The DR comes to an easy agreement with the road: we need to go to
arbitration, hammering out a peace treaty for every meter of changing
There is one constant here - the silence. Who would think that you could
feel silence as it presses in from all sides like water at the bottom of a
swimming pool? It is so palpable I expect my ears pop. Nature abhors a
vacuum, so when I strain to hear something - anything - the sliceable silence
is filled by the sound of blood rushing through my inner ears.
The feeling of isolation is greater than the Dawson Development Road,
the Mereenie Loop Road or the vast emptiness of the road to Boulia.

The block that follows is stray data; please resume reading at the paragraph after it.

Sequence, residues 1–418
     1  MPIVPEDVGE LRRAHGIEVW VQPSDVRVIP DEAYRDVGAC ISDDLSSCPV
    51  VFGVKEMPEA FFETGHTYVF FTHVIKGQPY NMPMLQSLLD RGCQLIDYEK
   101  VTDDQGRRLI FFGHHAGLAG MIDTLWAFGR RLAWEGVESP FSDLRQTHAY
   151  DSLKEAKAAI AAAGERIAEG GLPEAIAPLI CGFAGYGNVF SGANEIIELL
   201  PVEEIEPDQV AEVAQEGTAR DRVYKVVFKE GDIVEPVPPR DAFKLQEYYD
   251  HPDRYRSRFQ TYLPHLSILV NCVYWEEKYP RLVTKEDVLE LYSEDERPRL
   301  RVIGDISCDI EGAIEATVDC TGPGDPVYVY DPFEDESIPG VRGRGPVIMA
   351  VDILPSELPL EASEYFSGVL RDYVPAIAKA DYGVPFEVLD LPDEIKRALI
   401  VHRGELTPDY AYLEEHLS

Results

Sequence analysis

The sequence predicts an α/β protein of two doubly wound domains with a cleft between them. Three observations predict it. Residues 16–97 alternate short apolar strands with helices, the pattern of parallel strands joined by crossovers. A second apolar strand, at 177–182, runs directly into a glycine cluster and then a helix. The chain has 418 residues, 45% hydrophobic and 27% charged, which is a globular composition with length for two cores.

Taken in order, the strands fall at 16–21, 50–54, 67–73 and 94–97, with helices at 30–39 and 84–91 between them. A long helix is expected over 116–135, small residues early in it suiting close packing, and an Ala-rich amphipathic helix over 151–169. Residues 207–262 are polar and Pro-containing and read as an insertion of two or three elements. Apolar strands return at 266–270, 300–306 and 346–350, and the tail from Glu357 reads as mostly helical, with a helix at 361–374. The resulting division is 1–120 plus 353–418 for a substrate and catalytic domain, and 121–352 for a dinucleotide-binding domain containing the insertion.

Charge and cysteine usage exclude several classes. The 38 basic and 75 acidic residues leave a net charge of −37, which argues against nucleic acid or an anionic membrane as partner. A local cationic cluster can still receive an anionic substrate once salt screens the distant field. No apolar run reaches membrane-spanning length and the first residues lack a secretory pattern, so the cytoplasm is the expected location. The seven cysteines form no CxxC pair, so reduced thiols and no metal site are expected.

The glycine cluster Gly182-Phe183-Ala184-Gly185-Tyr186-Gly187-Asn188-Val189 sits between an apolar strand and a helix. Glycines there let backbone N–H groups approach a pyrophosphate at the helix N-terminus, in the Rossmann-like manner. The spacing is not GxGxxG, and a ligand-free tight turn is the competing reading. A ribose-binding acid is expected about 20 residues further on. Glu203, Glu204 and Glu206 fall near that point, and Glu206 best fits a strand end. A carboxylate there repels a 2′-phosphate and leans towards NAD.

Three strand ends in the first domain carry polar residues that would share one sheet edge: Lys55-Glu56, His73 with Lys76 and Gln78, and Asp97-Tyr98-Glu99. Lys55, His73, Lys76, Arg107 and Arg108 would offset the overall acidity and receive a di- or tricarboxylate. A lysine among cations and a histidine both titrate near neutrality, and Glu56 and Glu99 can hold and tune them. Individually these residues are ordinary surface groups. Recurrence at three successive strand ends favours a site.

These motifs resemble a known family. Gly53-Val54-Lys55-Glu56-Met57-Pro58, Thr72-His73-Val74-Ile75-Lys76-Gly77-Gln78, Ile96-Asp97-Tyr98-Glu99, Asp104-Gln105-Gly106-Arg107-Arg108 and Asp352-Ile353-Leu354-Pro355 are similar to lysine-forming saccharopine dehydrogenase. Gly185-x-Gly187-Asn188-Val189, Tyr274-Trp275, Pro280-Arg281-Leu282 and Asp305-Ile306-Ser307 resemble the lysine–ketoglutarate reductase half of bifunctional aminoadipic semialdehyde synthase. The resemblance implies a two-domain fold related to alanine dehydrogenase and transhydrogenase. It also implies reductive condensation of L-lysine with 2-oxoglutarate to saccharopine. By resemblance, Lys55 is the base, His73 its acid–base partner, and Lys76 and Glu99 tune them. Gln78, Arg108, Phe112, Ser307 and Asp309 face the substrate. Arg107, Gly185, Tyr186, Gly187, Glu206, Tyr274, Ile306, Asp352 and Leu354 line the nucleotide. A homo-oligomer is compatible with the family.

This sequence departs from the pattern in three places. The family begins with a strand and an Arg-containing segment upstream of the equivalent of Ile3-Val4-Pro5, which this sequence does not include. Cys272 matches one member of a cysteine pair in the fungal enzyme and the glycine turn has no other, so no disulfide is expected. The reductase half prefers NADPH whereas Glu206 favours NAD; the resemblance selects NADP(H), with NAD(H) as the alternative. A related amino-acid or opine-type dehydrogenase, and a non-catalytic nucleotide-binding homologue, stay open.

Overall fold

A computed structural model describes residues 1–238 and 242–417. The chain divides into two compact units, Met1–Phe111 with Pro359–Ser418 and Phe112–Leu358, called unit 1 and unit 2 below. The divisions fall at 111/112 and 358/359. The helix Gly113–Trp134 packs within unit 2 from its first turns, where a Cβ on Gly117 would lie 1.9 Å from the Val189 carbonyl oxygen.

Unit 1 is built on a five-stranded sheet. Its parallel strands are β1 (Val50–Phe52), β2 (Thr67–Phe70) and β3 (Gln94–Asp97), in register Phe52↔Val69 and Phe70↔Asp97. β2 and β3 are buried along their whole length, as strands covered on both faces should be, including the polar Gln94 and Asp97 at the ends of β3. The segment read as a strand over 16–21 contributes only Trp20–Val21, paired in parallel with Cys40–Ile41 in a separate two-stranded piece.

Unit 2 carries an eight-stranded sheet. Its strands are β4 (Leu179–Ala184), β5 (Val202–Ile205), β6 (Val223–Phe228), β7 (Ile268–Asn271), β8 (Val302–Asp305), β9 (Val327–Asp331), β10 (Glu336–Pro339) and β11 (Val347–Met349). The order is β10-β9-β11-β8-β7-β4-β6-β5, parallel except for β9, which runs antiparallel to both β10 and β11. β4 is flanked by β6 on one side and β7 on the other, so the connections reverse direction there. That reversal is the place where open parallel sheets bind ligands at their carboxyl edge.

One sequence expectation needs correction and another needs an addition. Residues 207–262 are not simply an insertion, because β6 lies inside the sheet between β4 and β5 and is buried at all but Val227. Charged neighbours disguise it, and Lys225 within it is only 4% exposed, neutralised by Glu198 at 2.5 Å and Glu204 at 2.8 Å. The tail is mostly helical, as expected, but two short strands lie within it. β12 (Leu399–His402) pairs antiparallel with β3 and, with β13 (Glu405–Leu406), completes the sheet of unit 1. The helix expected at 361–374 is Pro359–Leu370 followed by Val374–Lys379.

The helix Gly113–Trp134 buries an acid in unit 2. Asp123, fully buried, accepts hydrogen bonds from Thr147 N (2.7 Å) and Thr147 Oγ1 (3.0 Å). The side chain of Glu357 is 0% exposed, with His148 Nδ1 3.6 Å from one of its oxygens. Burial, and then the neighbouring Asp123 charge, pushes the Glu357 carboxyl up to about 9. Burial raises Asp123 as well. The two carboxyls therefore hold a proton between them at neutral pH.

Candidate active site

Traffic is almost non-existent - a Series 70 Landcruiser passes us a few
kilometers out of Cadney and then Birtles has the road to himself, at least
until we get to the junction with the O-Track proper.
Arkaringa Painted Hills.
A track over the hills is difficult when wearing riding gear but is worth the
effort as it gives some great vantage points.
At the Painted Hills I discover two water bottles have gone missing.
They have disappeared from the handlebars, bounced out of their carriers
right before my eyes without being noticed. I put it down to the tunnel
vision caused by concentrating so hard on the road. Nothing of more
importance is missing, though out here a missing water bottle could be
very important. I have three others, so it is not serious this time.
What is becoming serious is the state of the hands. Pounding over the
corrugations has caused them to swell so that gloves are difficult to put on.
Which (saw it coming, did you?) provides a timely segue into ….
Music for road trips! On long trips SD cards are loaded with
1) Van Morrison
2) Pink Floyd